Possibly the most important currency for social networking sites going forward is the user data embedded in the numerous interactions and postings of people using the services. It is sure to result in various ways to monetize the data in the near future.
To that end, companies like Facebook (NASDAQ:FB) and Twitter (NYSE:TWTR) are experimenting with better ways to aggregate user data in order to make it more valuable to those companies it would benefit the most. Twitter's user data strength is probably the depth and immediacy of the information, which could be used in a variety of ways. That's especially true in the music industry, as music is the most talked about topic on Twitter. We'll take a more in-depth look at that later.
Amazon the social networking company
One company that most people don't consider a social networking site, but which probably has the most accurate data available, is Amazon.com (NASDAQ:AMZN). The obvious social networking element is the numerous product and service reviews that have been available for a number of years. According to L2 founder Scott Galloway, Amazon "has more user data than any other media company in the world." It is also the #6 in the world for web traffic.
What makes Amazon so powerful is it has a built-in mechanism for gathering data, which it simply has to input parameters to access. For example, if someone were to acquire a variety of similar products over the years, Amazon would immediately know if a customer bought a specific item, but also if the purchase was only made at a discount over time. It could also tell you the exact percentage of discount the customer required in order to make the purchase. This goes far beyond the general information Facebook and Twitter have at this time.
By general information I don't mean there aren't some specifics involved, such as favorite movies on Facebook or tweets about certain bands or singers. What isn't known is how much potential customers would pay for products or services associated with these interests. Amazon has all of that information right at its finger tips without the additional need to having to set up various software programs or algorithms to find out what the data are saying. It's already built into the acquisition process.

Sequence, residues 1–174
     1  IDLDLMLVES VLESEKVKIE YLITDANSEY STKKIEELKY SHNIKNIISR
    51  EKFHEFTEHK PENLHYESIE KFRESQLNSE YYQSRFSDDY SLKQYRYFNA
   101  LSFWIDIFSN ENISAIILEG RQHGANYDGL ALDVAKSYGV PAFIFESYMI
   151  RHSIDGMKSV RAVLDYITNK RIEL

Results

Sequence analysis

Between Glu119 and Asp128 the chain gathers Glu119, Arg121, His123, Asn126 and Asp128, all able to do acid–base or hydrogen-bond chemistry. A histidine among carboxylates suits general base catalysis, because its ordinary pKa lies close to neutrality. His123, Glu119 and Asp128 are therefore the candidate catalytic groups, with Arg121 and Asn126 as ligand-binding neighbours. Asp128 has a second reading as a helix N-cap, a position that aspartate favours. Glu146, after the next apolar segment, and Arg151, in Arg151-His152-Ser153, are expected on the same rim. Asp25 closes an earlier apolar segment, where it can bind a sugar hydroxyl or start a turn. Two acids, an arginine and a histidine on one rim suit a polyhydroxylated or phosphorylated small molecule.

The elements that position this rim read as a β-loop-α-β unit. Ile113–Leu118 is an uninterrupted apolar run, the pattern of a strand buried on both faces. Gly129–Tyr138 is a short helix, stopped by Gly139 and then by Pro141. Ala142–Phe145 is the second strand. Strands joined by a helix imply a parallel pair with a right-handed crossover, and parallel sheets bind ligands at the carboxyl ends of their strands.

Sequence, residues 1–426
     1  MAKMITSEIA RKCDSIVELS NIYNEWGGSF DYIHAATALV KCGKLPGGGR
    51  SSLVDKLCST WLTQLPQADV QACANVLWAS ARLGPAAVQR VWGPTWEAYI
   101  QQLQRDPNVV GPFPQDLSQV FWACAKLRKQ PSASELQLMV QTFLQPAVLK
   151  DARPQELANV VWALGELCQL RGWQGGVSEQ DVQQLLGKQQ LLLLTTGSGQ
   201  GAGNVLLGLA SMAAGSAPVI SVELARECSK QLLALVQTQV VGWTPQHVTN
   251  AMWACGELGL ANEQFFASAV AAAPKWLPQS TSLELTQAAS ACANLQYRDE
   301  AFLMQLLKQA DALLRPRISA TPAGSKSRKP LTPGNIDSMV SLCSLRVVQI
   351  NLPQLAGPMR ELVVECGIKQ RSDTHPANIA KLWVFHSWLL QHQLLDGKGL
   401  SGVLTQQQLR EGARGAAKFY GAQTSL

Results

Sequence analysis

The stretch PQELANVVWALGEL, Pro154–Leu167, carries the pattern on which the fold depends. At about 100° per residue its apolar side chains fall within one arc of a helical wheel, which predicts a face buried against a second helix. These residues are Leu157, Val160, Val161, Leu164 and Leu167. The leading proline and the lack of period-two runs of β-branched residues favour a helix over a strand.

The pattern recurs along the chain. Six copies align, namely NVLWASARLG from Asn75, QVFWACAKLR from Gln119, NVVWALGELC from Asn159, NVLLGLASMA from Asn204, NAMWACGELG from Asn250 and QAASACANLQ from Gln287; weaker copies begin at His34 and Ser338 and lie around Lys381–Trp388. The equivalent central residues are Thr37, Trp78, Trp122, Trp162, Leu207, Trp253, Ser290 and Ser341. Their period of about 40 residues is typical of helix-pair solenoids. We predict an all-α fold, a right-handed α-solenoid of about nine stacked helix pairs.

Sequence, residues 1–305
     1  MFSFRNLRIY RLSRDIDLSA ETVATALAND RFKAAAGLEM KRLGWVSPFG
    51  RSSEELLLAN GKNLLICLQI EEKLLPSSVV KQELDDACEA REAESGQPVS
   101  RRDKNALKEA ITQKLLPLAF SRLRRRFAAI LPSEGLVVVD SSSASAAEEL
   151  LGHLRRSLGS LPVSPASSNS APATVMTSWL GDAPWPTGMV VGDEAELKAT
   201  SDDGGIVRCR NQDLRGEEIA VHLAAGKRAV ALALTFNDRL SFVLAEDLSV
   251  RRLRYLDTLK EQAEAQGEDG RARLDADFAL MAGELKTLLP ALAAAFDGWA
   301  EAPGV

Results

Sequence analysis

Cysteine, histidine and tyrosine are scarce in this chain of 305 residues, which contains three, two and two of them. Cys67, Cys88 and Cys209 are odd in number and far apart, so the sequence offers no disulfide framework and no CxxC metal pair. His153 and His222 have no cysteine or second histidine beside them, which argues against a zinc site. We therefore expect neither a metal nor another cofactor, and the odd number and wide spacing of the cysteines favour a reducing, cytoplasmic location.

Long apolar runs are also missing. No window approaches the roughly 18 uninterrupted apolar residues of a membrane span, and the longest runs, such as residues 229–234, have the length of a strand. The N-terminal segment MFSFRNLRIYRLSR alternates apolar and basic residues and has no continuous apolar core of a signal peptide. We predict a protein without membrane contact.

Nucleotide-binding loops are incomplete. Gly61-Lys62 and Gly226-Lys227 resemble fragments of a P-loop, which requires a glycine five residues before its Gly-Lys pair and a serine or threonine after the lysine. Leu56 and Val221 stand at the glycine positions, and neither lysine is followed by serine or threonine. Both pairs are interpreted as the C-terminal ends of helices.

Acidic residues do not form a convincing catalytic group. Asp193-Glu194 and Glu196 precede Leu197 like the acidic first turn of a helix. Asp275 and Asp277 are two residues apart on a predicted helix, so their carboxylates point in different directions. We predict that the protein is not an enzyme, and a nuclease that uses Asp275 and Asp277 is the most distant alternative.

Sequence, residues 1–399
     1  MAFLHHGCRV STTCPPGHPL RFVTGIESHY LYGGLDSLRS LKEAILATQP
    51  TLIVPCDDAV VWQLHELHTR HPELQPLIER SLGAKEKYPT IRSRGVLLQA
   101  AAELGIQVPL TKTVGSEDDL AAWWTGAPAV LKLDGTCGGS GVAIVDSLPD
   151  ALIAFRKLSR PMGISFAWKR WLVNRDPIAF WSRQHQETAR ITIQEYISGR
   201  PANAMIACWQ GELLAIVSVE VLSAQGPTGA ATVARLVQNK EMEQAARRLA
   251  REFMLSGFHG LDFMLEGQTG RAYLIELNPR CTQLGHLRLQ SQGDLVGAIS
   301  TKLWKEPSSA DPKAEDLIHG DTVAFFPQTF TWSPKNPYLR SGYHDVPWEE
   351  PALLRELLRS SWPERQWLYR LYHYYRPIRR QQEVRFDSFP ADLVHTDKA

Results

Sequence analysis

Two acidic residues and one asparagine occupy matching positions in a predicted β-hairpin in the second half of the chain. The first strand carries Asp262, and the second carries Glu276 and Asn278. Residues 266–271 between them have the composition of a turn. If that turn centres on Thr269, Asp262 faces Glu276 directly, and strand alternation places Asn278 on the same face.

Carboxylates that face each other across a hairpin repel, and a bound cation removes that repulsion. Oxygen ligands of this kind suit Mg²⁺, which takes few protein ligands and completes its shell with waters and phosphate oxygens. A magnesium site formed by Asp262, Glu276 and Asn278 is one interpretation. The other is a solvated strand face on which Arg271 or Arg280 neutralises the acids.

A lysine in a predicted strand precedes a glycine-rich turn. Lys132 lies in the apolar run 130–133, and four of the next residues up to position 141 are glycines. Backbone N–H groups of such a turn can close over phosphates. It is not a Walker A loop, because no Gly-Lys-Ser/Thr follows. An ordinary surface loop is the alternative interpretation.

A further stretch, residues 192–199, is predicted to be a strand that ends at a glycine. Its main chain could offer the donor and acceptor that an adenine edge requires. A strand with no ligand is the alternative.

To appreciate the power of Amazon's model, Forrester Research released a study that said when it came to consumers, Amazon received 30% of all product searches, far beyond the 13% that originated with Google. That study was performed a little over a year ago, so those numbers are probably even better for Amazon. But even if they're the same, it's still a huge moat for the Internet retailer.
Not only has Amazon outperformed on the front end of the process, but on the back end as well, where its vertical integration from media to sales is superior to all companies it competes against. One click on an Amazon ad brings the consumer right to the product page where they can immediately make the purchase.
This is obvious of course, but thinking of Amazon as a user data powerhouse, as well as a social networking company via its customer feedback mechanism, isn't as obvious to many.
Facebook user data
One of the challenges Facebook must overcome in contrast to Amazon.com is people going to Amazon are doing so primarily to do research on a product or buy something. That's not the main purpose of Facebook users, so there are a lot more complaints and privacy concerns from that standpoint for Facebook to figure out.
Having said that, even the data that people using Facebook provide is limited. Some people reveal a variety of interests, while others are very frugal with sharing their information on the social networking site.
But even those who reveal their interests are only doing so in a narrow way, and it is more of a challenge for Facebook to get the type of clarity Amazon does via its business model.
A 2013 survey from Forrester found that marketers prefer to use competitors like LinkedIn (NYSE:LNKD), Yahoo (NASDAQ:YHOO) and Google (NASDAQ:GOOG) rather than Facebook. Consequently, a lot of low-priced banner ads have been the primary means of advertising on Facebook, although it has recently released the much more lucrative streaming video ads in an attempt to generate more revenue and earnings.
In the short term the dislike of placing ads on Facebook shouldn't be an issue as the scale of Facebook has been a positive catalyst for now, but over the longer term it is an issue the company must solve in order to protect its online advertising revenue.